Fulfilling the promise of the Paris Agreement
The UN Climate Change Conference (COP23) has entered its final week in Bonn, gathering leaders of governments, cities, businesses and civil society to accelerate climate action to fulfil the goals set out in the Paris Agreement from 2015. The overall purpose of this COP is to advance implementation of the Paris Agreement with a focus on the development of guidelines (Rulebook) on how the Paris Agreement’s provisions will be implemented across a wide range of issues including transparency, emissions reductions, provisions of finance, capacity-building and technology. The aim is to make progress in all these areas so that the guidelines can be completed by COP-24 in Poland in 2018.
UN DESA and its Division for Sustainable Development (DSD) is on the ground, organizing side events and working behind the scenes to support efforts to combat climate change. On the eve of COP23’s high-level segment which kicks off on 15 November, the team talked about how the world is fairing in taking climate action and what can be expected from this year’s event.
Two years after the adoption of the Paris Agreement, how is the world doing on climate action?
“Scientists are quite concerned with the overall developments that affect the climate. It is expected that the world’s total CO2 emissions will increase this year by 2 percent. An increase that has not been measured since 2014. At the same time, in the last 25 years, severe weather events have increased in frequency and strength, the world’s population has grown with about 35 percent, global temperatures have risen, dead zones in the ocean have increased significantly and millions of hectares of land have been cleared.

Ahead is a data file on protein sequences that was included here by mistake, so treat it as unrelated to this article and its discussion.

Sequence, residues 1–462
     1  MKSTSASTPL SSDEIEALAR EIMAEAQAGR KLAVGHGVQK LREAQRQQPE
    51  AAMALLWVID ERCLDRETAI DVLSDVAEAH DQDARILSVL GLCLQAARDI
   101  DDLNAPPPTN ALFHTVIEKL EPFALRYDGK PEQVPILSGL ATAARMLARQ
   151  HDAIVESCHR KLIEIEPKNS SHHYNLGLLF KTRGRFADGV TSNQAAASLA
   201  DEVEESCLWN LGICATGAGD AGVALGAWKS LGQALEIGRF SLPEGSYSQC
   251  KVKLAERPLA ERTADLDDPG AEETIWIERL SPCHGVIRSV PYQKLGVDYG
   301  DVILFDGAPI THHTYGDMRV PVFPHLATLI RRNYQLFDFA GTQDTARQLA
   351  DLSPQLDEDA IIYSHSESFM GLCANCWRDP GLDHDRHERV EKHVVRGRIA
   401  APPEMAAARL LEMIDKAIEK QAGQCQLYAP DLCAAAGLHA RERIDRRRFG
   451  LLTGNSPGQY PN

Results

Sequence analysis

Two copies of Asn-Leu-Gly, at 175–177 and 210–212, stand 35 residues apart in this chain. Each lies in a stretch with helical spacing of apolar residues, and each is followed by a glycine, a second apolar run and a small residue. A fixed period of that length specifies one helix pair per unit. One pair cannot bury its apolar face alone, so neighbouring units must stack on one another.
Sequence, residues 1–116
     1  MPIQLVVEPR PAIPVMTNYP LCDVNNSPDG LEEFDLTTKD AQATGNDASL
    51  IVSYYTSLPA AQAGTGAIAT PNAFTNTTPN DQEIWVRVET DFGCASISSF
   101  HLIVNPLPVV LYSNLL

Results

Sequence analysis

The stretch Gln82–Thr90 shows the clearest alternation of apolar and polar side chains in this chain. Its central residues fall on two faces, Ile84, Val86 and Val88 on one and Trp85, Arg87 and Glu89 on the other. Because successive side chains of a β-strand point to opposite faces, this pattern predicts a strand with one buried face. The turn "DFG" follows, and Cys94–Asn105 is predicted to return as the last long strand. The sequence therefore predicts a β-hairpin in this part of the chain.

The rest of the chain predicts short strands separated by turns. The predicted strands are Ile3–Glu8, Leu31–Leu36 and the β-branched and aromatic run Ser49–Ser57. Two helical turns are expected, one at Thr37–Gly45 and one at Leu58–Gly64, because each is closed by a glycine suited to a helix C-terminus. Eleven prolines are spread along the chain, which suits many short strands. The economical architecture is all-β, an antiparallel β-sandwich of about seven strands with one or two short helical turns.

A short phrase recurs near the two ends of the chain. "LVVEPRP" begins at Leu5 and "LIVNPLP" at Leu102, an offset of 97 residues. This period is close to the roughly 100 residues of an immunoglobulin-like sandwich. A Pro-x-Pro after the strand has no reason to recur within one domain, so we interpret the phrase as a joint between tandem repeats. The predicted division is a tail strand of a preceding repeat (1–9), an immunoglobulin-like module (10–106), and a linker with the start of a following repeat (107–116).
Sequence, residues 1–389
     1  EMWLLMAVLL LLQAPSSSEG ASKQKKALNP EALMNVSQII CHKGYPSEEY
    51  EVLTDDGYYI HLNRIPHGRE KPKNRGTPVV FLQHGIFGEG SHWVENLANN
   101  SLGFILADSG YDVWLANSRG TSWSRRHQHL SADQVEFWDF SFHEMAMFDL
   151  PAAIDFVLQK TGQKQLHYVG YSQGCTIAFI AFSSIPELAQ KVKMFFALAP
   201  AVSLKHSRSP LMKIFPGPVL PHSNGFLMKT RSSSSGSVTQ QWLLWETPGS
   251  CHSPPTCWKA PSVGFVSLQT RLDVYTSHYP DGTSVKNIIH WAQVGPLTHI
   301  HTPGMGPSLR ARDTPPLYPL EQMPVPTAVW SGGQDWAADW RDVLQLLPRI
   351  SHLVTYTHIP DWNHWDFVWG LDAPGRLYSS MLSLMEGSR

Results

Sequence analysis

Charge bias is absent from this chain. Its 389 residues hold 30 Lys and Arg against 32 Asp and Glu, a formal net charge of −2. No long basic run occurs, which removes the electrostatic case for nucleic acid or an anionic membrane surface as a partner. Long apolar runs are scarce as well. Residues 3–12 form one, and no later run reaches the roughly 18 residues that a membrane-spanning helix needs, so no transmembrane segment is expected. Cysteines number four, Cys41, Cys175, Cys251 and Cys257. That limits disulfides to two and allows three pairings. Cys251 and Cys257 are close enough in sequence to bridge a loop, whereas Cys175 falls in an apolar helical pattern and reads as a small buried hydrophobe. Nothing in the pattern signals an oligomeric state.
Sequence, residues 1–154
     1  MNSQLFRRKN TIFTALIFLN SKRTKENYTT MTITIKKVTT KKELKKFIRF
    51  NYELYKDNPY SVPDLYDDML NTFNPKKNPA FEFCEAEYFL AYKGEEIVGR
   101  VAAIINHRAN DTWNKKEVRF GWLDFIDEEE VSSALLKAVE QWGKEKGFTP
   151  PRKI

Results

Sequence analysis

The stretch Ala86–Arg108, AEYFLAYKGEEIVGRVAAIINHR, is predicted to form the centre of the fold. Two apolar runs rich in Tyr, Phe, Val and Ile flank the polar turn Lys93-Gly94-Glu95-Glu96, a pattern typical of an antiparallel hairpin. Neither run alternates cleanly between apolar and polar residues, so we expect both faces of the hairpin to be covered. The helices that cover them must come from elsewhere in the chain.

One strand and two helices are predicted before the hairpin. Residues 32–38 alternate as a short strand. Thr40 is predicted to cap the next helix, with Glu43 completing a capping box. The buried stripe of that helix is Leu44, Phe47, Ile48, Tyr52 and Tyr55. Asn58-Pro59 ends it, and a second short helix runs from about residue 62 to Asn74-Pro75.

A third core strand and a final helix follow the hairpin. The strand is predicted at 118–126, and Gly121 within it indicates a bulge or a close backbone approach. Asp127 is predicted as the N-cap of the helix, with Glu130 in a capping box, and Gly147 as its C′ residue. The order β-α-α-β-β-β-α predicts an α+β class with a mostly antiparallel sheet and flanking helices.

Climate change is not a threat, but a reality that significantly impacts humanity and the planet we inhabit. But a lot is also being done. 164 countries have submitted their first National Determined Contributions (NDCs), which collectively, will largely determine whether the long-term goal of the Paris Agreement of keeping global average temperature increase well below 2 degrees Celsius, and pursue efforts to limit the increase to 1.5 degrees, at the same time as achieving net zero emissions in the second half of the century.
While the current level of ambition is not expected to suffice, COP21 saw an unprecedented commitment by the private sector to step up and form part of the solution. In addition, local and regional authorities, philanthropy and civil society in general have made their own commitments, which is in particular important in situations where federal governments have decreased its commitment level.”
Can we achieve the SDGs without genuine climate action? Can we reach the goals of the Paris Agreement without achieving the SDGs?
“While the two agendas stem from distinctly separate intergovernmental negotiation processes which both concluded in 2015, their implementation remains closely interdependent. Climate forms part of the Sustainable Development Goals (in particular SDG 13) and hence achievement of the climate commitments is necessary for the achievement of the overall set of SDGs.
Climate mitigation and adaptation are both necessary to address poverty and ensure no-one is left behind, essential elements of the 2030 Agenda for Sustainable Development. At the same time, there is a general agreement that the current level of ambition of the first NDCs will not suffice to achieve the Paris Agreement commitments. Here pursuit of the SDGs can contribute positively if fulfilled, by contributing to increase the share of renewable energy in the total energy mix, to achieve sustainable consumption and production, to build resilient infrastructure and end hunger to name a few examples. Studies from the World Resources Institute of the NDCs show that they contain actions that align with 154 of the 169 SDG targets. This illustrates the enormous potential that exists for mutually supportive implementation of the two agreements.
The 2017 Synthesis Report of the Voluntary National Reviews conducted under the High-level Political Forum on Sustainable Development, also finds that many countries make reference to climate change, illustrating that countries are indeed well aware of the interconnectedness of the two agendas.